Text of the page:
Nearly a decade ago, President Bill Clinton signed into law the Anticybersquatting Consumer Protection Act and took aim at the practices of "cybersquatters"--individuals who buy-up web domains that evoke others' famous or trademarked names. Now the cybersquatters appear to be exacting some revenge on Mr. Clinton.
Joseph Culligan, a man who reportedly owns over 500 candidate-related domain names and who once offered PresidentHatch.com to U.S. Senator Orrin Hatch for $45,000, purchased WilliamClinton.com, WilliamJClinton.com, and PresidentBillClinton.com. He then linked each of the sites to the Republican National Committee's webpage. In an opinion issued earlier this week, a National Arbitration Forum ("NAF") panelist rebuffed Mr. Clinton's attempt to claim the domains. The opinion and result are notable for three reasons.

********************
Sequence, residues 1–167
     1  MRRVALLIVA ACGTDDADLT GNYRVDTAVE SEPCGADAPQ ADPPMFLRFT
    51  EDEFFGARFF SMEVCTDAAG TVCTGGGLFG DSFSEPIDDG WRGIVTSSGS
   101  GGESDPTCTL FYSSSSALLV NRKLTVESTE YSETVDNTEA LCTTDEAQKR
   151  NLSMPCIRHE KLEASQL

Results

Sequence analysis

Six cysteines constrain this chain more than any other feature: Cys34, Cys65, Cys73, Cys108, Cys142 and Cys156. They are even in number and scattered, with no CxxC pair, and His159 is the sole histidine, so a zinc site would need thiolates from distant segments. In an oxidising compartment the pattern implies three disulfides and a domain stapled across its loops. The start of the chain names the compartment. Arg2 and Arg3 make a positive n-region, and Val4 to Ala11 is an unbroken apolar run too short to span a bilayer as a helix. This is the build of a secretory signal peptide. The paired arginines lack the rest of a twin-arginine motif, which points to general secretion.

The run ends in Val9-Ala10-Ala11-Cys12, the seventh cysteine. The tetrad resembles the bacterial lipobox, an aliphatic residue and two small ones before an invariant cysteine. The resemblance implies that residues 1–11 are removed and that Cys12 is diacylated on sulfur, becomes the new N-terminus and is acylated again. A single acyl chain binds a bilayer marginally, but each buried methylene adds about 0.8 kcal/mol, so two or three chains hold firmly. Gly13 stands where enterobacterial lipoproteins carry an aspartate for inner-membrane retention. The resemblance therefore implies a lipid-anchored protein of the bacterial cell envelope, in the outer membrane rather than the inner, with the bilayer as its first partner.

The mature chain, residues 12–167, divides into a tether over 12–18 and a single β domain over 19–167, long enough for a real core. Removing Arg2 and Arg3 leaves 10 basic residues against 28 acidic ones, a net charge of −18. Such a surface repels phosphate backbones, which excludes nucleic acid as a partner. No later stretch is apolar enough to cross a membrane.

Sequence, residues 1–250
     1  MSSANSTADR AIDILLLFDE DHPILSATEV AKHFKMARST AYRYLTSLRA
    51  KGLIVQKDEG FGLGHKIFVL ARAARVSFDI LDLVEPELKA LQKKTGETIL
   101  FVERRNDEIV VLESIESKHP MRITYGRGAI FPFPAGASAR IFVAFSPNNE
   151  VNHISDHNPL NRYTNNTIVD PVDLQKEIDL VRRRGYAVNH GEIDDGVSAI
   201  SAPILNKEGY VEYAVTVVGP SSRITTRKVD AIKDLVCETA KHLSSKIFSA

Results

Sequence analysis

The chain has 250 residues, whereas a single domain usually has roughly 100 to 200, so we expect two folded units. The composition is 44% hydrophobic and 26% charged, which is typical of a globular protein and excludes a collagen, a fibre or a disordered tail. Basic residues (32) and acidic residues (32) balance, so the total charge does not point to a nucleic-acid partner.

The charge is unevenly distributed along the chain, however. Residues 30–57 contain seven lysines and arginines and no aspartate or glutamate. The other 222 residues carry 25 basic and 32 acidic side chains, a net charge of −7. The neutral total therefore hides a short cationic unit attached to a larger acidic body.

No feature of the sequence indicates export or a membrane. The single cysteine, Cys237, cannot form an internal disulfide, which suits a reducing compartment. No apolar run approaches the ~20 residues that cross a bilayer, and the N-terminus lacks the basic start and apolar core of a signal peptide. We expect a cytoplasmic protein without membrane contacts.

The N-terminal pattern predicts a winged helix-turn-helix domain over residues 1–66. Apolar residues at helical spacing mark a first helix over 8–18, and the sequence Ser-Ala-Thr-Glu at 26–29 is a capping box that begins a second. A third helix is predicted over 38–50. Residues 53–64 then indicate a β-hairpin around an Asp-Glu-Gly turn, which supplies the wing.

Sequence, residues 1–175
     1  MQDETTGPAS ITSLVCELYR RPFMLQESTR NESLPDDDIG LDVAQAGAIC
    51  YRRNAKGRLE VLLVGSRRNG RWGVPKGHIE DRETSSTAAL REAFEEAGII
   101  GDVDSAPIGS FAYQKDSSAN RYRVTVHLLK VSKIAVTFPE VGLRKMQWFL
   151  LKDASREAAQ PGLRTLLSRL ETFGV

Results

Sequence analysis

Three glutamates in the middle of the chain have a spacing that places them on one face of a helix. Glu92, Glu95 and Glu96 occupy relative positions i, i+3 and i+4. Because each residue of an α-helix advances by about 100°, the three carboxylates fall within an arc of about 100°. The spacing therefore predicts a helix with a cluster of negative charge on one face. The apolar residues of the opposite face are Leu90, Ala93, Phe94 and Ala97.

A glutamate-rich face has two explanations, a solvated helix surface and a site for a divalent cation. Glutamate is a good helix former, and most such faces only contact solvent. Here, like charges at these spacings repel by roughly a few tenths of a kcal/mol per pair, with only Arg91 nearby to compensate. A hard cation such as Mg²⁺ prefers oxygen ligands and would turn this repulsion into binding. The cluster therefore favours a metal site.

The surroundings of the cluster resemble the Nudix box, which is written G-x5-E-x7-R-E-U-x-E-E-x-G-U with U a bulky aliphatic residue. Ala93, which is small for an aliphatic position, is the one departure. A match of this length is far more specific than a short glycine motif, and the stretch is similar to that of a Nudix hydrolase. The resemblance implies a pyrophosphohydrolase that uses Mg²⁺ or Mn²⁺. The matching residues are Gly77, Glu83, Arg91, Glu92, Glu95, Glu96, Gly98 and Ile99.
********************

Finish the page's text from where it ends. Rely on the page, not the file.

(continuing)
What are those "three reasons"? You'll have to read the original post to find out.
Matt, an attorney with Caplin & Drysdale in Washington, has written an article about the issue of political cybersquatting: Candidates, Squatters, and Gripers: A Primer on Political Cybersquatting and a Proposal for Reform.